By Roger Landman
Head of product management, SYSPRO
The challenges that the global pandemic created have demonstrated the urgency of digital transformation within the manufacturing industry. Almost half (47 percent) of manufacturing businesses depended so heavily on on-premises systems that they were unable to function and six out of 10 suffered from disruptions to their supply chain, according to a December 2020 survey of manufacturing leaders from SYSPRO.
Unsurprisingly, the study found that manufacturers are evaluating new approaches that could help them avoid similar disruptions in the future. More than four in 10 (42 percent) plan to reshore manufacturing operations to regain control of their full supply chain, and just under three in 10 (29 percent) are evaluating cloud technologies to gain agility and flexibility. Furthermore, more than half (56 percent) are looking into a dual sourcing strategy, which should make the supply chain more resilient, but also makes supply chain management far more complex. Real-time reporting and business intelligence is required to get the full benefit from dual sourcing.
Broadly defined, digital transformation — which entails adapting processes such as digital-twin capabilities, real-time asset tracking and automated equipment monitoring — is critical for enabling a modern manufacturer to become nimble and efficient.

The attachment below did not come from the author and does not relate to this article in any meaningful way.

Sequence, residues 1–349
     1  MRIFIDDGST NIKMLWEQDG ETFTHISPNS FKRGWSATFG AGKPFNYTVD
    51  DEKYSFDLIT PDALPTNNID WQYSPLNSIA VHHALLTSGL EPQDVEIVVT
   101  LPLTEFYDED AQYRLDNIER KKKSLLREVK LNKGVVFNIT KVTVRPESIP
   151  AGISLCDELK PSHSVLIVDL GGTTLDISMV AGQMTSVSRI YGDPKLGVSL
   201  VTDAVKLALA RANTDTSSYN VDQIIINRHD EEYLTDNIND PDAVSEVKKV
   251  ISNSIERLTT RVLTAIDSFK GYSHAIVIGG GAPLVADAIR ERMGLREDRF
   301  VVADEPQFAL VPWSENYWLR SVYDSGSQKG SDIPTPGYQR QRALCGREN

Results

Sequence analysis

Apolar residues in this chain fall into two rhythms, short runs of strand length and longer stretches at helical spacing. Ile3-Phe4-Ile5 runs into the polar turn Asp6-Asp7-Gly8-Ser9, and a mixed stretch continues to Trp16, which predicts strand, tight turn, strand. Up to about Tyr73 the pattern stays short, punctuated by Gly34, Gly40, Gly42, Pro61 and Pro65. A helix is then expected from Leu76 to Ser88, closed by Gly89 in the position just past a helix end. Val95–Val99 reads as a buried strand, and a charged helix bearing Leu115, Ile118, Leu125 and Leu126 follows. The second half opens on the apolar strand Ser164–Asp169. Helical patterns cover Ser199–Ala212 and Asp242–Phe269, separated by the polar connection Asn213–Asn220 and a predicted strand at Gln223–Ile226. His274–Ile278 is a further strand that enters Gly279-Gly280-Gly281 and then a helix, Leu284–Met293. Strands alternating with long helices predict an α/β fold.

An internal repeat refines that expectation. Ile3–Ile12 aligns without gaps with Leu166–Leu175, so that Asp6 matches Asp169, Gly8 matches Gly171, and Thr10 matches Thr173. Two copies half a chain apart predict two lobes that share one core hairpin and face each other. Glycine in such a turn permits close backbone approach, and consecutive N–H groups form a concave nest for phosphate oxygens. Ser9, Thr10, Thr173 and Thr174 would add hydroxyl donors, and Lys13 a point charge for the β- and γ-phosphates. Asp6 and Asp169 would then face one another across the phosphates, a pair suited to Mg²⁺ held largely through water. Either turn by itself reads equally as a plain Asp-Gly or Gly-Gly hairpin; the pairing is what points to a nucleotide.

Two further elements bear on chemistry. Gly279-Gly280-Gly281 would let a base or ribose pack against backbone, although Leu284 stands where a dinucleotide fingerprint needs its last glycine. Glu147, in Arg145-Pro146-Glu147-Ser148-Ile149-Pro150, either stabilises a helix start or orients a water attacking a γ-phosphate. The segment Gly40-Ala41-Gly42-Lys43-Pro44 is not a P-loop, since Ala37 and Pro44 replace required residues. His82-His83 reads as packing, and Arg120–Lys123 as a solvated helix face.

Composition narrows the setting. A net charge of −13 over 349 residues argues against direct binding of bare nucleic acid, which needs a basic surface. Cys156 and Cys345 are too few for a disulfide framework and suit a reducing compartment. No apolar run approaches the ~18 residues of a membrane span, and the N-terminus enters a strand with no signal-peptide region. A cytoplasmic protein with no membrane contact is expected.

But the digital transformation process is not quick. It’s an enormous undertaking and, with technology advancing so quickly, the process will continue to evolve. To ensure that manufacturers are able to keep up, it’s critical that their core systems be flexible and future-proofed with the ability to interoperate and integrate with future innovations.
Before an organization can implement smart factory technologies this foundation has to be in place, and an enterprise resource planning (ERP) platform is a key part of that foundation. Technology such as ERP can support manufacturers to overcome industry disruptions by providing the systems and platforms that resolve the biggest areas of impact, including: remote workforce enablement, implementation and automation of business systems to handle procurement and sourcing policy changes, distribution and lead time planning; and analytics providing data real-time to support improved decision-making. While there has been downtime, manufacturers have the opportunity now to make a change to improve operational efficiency and thrive now and into the future.